Lisa joined Tufts in 2012, after teaching at the University of California, San Diego, and Yale University. She studied European intellectual history at Stanford University, and French literature and critical theory at the University of California, Santa Cruz, and began as a scholar of French and comparative literature. Her research and teaching has since focused on literatures and cultures of encounter that emerge from histories of colonialism, migration, and globalization. It has been supported by fellowships from the Guggenheim, Rockefeller, and Mellon Foundations, and the American Council of Learned Societies, and she has held distinguished visitor positions at the Munk School of Global Affairs at the University of Toronto, and the School of Advanced Study at the University of London.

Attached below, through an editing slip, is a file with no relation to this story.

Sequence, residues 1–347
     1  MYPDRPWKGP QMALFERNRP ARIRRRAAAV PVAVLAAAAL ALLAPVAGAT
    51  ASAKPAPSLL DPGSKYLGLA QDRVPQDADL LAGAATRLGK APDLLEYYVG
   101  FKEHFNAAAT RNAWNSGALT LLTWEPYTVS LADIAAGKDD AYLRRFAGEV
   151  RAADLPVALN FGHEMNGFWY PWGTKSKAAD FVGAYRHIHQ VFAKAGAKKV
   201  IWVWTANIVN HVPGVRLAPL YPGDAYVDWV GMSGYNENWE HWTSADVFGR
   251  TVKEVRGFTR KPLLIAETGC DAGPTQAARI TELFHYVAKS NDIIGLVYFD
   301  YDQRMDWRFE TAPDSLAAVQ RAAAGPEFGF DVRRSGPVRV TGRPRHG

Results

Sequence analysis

The Intimacies of Four Continents anatomises the connections and interdependencies between the emergence of European liberalism, settler colonialism in the Americas, the transatlantic African slave trade, and trade in the East Indies and China in the late 18th and early 19th centuries, teasing out the relationship between narratives of freedom overcoming slavery and the expansion of empire, between abstract promises of freedom and colonial conditions. The “archive of liberalism” – its foundational literary, cultural, and political philosophical texts – is connected to, shown to be dependant on, the archives of the colonial state. Liberalism’s discourses of citizenship, rights, wage labour, free trade, and sovereignty are linked to, shown to be embedded within, forms, strategies and projects attributing difference to subjects, dividing regions, separating populations, precisely by placing them in relation to liberal principles. Liberalism doesn’t “contradict” settler colonialism, the slave trade, and so on, but rather “accommodates” them; far from “contravening”, they “permit”. In this sense, the book contends, processes like settler colonialism constitute the very conditions of possibility of liberal principles. The latter were dependant on the former; as the latter were implicated, employed, in the former, so they became established, and too often the affirmation of liberal principles entails the forgetting of violence, exclusion and segregation, dispossession, exploitation and subordination–that which they were embedded within.